And freedom has been long our own,

With all her soft and generous train,
To gild the lustre of the throne,

And guard the labour of the plain :
Ye heirs of ancient Runnymede !
Your slaves-oh! could it be?-are freed.
Mid the drear haunts of force and strife,

The ministers of peace shall stand,
And pour the welling words of life

Around a parched and thirsty land;
While, spread beneath the tamarind tree,
Rise “ happy homes, and altars free.
Ye isles, that court the tropic rays,

Cluster'd on ocean's sapphire breast;
Ye feathery bowers, ye fairy bays,

In more than fable now" the blest:"
Waft on each gale your choral strain,
Till ev'ry land has rent the chain.
O England, empire's home and head,

First in each art of peace and pow'r,
Mighty the billow crest to tread,

Mighty to rule the battle hour, But mightiest to relieve and save, Rejoice, that thou hast freed the slave.




Half a league, half a league,

Half a league onward !
All in the valley of Death

Rode the six hundred !
Into the valley of Death

Rode the six hundred;
For up came an order which

Some one had blundered.

* In 1854.


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Forward the Light Brigade !

Take the guns,” Nolan said :
Into the valley of Death

Rode the six hundred.
“ Forward the Light Brigade,"
No man was there dismayed;
Not though the soldier knew

Some one had blundered :
Theirs not to make reply,
Theirs not to reason why,
Theirs but to do and die;
Into the valley of Death

Rode the six hundred.
Cannon to right of them,
Cannon to left of them,
Cannon in front of them,

Volleyed and thundered:
Stormed at with shot and shell,
Boldly they rode, and well,
Into the jaws of death
Into the mouth of hell

Rode the six hundred.
Flashed all their sabres bare,
Flashed all at once in air,
Sab’ring the gunners there;
Charging an army, while

All the world wondered; Plunged in the battery smoke, With many a desperate stroke, The Russian line they broke, Then they rode back, but not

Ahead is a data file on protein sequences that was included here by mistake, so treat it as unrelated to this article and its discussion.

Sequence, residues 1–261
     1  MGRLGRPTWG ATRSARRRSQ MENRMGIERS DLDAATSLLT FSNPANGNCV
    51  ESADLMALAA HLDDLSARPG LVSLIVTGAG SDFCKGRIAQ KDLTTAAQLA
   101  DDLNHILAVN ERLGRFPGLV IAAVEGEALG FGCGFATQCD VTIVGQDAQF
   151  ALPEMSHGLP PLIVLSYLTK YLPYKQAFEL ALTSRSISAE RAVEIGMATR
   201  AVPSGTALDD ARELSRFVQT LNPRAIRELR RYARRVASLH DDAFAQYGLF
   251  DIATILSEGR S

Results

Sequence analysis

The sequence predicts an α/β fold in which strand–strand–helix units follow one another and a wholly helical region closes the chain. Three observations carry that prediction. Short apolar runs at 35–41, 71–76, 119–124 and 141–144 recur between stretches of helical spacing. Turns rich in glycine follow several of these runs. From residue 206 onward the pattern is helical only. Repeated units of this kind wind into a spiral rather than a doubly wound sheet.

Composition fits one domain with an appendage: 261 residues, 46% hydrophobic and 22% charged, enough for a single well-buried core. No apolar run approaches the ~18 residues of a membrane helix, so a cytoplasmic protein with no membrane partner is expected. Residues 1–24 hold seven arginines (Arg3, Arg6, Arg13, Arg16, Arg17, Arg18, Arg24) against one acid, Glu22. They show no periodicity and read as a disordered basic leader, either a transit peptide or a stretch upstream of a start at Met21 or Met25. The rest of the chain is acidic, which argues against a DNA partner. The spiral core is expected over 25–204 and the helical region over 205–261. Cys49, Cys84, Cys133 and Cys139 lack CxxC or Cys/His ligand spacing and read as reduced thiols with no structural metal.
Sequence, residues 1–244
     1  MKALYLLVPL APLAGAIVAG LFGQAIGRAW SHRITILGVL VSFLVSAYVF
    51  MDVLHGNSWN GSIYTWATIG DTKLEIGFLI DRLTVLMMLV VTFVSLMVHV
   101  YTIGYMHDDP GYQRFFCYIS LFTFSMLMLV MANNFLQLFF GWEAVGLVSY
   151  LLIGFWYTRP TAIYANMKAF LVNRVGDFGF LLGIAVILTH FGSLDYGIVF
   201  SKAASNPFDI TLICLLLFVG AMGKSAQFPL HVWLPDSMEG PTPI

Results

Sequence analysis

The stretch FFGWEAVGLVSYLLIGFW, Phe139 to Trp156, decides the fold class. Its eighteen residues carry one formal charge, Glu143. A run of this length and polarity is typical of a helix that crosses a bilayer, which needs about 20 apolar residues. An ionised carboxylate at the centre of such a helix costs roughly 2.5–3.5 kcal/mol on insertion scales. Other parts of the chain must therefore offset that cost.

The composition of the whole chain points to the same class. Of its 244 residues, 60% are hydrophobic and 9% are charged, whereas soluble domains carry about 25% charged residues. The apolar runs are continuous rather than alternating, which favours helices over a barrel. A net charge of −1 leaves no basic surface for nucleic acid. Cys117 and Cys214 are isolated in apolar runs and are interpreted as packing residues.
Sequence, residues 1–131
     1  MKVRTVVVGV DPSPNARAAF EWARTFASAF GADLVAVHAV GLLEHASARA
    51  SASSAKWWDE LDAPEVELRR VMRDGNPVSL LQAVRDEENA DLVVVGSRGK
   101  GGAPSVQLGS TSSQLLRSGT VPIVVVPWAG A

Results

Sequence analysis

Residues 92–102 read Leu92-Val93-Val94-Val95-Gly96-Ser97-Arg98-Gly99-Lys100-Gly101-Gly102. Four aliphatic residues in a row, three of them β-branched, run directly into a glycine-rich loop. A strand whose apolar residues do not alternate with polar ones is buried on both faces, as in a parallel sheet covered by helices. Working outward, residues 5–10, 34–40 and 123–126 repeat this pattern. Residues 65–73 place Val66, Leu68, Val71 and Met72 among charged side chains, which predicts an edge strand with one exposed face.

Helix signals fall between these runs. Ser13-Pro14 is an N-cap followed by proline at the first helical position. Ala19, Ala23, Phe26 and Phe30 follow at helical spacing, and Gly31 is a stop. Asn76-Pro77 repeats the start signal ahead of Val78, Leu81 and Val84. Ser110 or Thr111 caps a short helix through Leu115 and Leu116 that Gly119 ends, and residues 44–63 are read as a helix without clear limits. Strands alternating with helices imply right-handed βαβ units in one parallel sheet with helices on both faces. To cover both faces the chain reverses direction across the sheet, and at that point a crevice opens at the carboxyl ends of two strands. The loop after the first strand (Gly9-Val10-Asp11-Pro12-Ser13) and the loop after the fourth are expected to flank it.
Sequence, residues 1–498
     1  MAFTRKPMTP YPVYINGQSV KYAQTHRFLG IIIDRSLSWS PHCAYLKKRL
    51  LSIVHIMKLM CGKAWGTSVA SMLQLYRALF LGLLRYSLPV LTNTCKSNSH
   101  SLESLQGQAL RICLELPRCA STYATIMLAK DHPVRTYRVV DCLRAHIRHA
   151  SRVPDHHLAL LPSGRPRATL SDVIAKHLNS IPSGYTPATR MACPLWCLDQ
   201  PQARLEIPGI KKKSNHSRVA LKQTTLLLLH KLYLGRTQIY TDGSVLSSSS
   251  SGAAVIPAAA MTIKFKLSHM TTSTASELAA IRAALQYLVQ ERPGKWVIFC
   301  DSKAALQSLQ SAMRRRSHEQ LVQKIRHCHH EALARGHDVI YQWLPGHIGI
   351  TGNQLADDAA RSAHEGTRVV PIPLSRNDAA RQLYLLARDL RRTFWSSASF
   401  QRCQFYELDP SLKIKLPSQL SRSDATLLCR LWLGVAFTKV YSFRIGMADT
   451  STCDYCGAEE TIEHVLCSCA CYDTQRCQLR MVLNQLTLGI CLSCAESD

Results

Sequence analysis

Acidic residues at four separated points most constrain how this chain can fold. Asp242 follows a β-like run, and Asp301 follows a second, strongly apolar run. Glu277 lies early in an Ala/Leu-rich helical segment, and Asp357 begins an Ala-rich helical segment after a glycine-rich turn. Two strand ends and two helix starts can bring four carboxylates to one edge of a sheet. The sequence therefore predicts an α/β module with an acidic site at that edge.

Not the six hundred. Cannon to right of them, Cannon to left of them, Cannon behind them,

Volleyed and thundered.
Stormed at with shot and shell
While horse and hero fell;
Those that had fought so well
Came from the jaws of death,
Back from the mouth of hell
All that was left of them

Left of six hundred.
When can their glory fade?
O the wild charge they made !

All the world wondered.
Honour the charge they made !
Honour the Light Brigade,
Noble six hundred. -TENNYSON.



Miss Nightingale is one of those whom God forms for great ends. You cannot hear her say a few sentences - no, not even look at her, without feeling that she is an extraordinary being. Simple, intellectual, sweet, full of love and benevolence, innocent-she is a fascinating and perfect woman. She is tall and pale. Her face is exceedingly lovely; but better than all, is the soul's glory that shines through every feature so exultingly. Nothing can be sweeter than her smile. It is like a sunny day in summer; and more of holiness than is expressed in her countenance one does not often meet on a human face as one passes along the dusty highways of life. Through all her movements breathes that high intellectual calm which is God's own patent of nobility, and is the true, seal of the most glorious aristocracy—that of mind-of soul !


Whene'er a noble deed is wrought,
Whene'er is spoken a noble thought,

Our hearts in glad surprise,

To higher levels rise.
The tidal waves of deeper souls,
Into our inmost being rolls,

And lifts us unawares

Out of all meaner cares.
Honour to those whose words or deeds
Thus help us in our daily needs,

And by their overflow,

Raise us from what is low.
Thus thought I, as by night I read
Of the great army of the Dead;

The trenches cold and damp,

The starved and frozen camp.
The wounded from the battle plain,
In dreary hospitals of pain-

The cheerless corridors,

The cold and stony floors.
Lo! in that house of misery
A lady with a lamp, I see

Pass through the glimmering gloom,
And fit from room to room.

* Santa Filomena, St. Philomel,“ St. Nightingale."